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FTC Sues AT&T for Throttling Wireless Customer Data

The Federal Trade Commission announced today that it has filed a lawsuit against mobile phone carrier AT&T for allegedly misleading customers by charging them for "unlimited" data plans while reducing their data speeds significantly.

In its complaint filed in U.S. District Court, the FTC alleges that AT&T failed to disclose to customers with unlimited mobile data plans that once a certain amount of data had been used during a single billing cycle, AT&T reduces the speed of that user's data. This speed reduction, known as "throttling" often results in users being unable to use popular web applications such as web browsing, streaming video, or using GPS navigation on their mobile devices.

AT&T Data Throttling Program

According to the FTC's complaint, AT&T stopped offering unlimited data plans for smartphone customers in June of 2010. However, in order to keep customers from changing carriers, AT&T allowed the millions of customers who had signed up for unlimited data to be "grandfathered in" and continue under the terms of their previous plan, giving them unlimited data usage for $30 a month.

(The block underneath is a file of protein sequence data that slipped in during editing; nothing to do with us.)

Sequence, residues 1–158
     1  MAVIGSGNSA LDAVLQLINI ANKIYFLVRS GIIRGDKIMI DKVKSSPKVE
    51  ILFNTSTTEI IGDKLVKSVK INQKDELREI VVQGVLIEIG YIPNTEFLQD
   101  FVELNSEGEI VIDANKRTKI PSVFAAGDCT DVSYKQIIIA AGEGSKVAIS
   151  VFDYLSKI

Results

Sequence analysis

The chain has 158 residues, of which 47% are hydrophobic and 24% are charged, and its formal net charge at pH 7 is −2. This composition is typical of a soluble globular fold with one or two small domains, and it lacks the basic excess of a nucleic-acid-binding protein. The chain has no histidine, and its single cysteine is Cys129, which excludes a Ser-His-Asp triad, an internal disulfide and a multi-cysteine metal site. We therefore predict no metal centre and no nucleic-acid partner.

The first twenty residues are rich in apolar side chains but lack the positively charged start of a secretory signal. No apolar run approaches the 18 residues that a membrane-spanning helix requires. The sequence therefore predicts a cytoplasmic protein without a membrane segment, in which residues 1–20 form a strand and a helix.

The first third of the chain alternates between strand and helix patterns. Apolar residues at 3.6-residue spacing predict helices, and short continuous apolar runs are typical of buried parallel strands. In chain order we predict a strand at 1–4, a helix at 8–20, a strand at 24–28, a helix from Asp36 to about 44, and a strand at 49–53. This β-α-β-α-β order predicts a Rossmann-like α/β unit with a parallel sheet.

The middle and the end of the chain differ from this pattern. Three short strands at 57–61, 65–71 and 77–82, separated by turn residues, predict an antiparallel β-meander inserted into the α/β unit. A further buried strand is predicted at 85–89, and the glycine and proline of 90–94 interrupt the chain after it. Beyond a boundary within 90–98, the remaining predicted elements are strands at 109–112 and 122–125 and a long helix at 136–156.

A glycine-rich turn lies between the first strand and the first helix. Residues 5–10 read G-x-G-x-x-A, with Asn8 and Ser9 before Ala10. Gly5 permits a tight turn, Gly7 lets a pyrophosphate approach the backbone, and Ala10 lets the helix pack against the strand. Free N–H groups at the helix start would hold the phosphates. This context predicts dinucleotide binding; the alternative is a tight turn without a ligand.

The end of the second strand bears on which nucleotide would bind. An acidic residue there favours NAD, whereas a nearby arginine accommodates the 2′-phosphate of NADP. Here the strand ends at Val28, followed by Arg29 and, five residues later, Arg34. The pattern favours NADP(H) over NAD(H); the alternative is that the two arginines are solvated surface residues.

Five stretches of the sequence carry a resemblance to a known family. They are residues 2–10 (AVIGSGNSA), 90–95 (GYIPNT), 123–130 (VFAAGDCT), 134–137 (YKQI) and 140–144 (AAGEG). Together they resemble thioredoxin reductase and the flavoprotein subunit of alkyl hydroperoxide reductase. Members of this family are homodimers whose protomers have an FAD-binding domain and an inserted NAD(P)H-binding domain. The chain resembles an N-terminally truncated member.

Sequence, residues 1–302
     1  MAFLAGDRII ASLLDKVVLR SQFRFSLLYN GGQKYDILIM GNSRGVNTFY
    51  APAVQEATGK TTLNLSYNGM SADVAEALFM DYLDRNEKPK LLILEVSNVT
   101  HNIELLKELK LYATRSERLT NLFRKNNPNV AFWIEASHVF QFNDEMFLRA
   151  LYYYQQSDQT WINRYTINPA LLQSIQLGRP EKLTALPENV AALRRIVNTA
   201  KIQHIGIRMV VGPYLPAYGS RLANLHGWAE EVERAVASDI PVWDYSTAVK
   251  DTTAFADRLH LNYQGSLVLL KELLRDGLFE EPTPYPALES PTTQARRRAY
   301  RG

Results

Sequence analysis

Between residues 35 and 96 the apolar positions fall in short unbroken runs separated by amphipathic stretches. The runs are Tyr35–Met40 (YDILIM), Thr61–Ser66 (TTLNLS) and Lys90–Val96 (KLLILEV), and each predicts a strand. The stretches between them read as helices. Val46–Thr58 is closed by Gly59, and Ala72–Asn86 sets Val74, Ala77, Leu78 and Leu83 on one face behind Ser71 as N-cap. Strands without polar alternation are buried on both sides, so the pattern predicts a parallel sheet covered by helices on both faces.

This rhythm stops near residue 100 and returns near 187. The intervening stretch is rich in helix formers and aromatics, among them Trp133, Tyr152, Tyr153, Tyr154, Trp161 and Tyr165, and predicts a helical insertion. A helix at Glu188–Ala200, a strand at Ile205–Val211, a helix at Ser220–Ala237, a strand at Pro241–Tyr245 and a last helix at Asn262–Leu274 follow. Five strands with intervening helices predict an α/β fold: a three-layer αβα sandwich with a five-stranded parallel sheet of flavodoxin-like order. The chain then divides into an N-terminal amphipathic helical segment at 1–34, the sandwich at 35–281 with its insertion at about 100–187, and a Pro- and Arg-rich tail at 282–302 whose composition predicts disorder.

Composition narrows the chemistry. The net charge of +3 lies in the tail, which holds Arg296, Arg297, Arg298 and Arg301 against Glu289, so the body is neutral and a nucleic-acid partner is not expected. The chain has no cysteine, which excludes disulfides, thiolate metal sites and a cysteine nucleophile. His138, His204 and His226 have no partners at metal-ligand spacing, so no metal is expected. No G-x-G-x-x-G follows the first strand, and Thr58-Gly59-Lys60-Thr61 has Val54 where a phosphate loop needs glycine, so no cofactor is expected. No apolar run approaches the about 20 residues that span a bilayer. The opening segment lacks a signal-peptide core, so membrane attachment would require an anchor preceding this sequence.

In July 2011, AT&T began throttling the speeds of unlimited mobile data plan customers. The threshold at which AT&T would begin throttling data speeds varied depending on geographic region, with customers in urban markets often being the first to be throttled. The reduction in speed also varied. According to the FTC's complaint, some users experienced speeds up to 95% slower than they would have absent the throttling.

The FTC alleges that AT&T did not properly disclose this throttling to unlimited mobile data plan customers, in violation of the section of the FTC Act prohibiting "unfair or deceptive acts or practices in or affecting commerce." Although the company did announce its data-speed throttling in customer bills, a national press release, and text messages or emails sent directly to some customers, these FTC's complaint alleges that these methods failed to notify a large number of customers or disclose the degree of the speed reduction.

Small Claims Lawsuit

The FTC's lawsuit isn't the first lawsuit regarding AT&T's reduction of unlimited data plan customers' data speeds. In 2012, a California man successfully sued AT&T in small claims court, winning $850 after alleging that AT&T's throttling violated his contract with the carrier.

With an estimated 3.5 million AT&T unlimited data plan customers who may have been affected by the speed reductions, the amount of damages at stake in this lawsuit are likely to be much higher.

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